Add the chopped leeks, onion and garlic into a pan of melted butter and sweat them until they start to soften, then add the stock / water and potatoes. Cook until the spuds go soft, then take off the heat and stir in the cream. Dead easy, very tasty, and we find that it freezes better if you use milk instead of cream. Also, it can be liquidised if you prefer soup in that fashion. Try adding some chopped bacon or shreds of ham, it goes very well with this.
Another good way of using leeks is roast them in an oven dish and cover with cheese sauce as a side to a Sunday lunch - leeks and cheese go very well together.
Here's a recipe I used last week - leek and chorizo pie. (Although as a northerner who lives a few short M6 junctions away from Wigan, the home of the pie, I object to calling this a pie as WHERE'S MY PASTRY?).
5 or 6 large peeled potatoes, thinly sliced
3 or 4 chopped leeks
A sliced chorizo sausage
Two finely chopped garlic cloves
A pint of single cream (although we used the cream and didn't like it, might use cheese sauce next time instead)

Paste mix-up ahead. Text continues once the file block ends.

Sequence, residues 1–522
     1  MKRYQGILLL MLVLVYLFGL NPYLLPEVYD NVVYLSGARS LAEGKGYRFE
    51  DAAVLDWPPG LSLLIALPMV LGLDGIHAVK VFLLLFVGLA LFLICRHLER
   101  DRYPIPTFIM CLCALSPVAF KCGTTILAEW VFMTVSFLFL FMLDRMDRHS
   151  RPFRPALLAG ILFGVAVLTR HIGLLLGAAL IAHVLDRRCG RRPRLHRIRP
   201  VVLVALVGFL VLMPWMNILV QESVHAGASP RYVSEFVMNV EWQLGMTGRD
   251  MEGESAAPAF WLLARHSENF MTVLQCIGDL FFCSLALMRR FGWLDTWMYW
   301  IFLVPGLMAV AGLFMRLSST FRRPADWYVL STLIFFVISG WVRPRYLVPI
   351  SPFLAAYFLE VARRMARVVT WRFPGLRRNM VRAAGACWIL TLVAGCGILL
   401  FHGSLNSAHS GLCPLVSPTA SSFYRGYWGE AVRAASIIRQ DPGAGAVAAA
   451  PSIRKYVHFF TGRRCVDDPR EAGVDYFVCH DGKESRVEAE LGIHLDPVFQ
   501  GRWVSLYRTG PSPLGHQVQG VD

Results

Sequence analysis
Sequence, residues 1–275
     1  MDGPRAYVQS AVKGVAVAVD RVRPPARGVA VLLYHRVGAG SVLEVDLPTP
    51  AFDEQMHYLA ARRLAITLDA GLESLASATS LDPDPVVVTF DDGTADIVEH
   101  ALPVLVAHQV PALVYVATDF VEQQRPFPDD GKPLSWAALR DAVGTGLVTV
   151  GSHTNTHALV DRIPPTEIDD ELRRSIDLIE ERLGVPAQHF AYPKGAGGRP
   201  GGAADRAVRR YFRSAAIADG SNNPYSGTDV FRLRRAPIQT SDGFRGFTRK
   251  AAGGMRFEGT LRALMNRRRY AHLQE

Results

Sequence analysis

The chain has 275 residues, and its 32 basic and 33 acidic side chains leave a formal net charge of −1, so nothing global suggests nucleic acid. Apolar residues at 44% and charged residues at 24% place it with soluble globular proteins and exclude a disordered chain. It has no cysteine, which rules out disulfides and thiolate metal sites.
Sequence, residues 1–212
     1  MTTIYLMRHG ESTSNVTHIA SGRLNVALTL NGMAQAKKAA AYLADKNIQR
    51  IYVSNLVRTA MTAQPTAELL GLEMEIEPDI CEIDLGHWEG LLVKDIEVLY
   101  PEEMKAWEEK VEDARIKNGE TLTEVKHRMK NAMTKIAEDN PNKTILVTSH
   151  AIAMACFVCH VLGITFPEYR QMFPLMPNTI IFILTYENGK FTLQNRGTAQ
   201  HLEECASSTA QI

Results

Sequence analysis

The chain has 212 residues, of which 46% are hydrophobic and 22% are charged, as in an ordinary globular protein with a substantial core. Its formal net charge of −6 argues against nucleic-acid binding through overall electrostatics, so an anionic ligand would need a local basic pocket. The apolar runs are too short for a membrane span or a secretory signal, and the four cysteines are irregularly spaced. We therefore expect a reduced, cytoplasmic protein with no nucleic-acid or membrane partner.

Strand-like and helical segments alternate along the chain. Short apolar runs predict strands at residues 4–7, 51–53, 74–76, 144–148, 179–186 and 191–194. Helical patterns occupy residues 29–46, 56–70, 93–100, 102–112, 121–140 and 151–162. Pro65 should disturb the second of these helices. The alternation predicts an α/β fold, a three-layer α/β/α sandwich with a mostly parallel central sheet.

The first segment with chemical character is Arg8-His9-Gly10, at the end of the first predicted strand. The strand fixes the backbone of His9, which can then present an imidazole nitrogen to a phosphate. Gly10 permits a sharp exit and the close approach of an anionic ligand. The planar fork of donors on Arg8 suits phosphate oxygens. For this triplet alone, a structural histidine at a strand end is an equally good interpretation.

Grated cheese - you can be posh and use parmesan but I suppose any grated cheese work
In the bottom of a greased casserole dish, throw a handful of chopped leeks and chorizo, scatter a pinch of the garlic then cover with a layer of the sliced potatoes. Repeat this until you have a top layer of spuds and no more ingredients, then add the grated cheese to this top layer of potatoes. Pour in the cream, cover with a lid (or foil if your casserole dish doesn't have one) then put in the oven at 180 for an hour and a half. You can take the lid off for the last 20 minutes or so, but remember you will get blasted by red hot steam when doing this so be careful.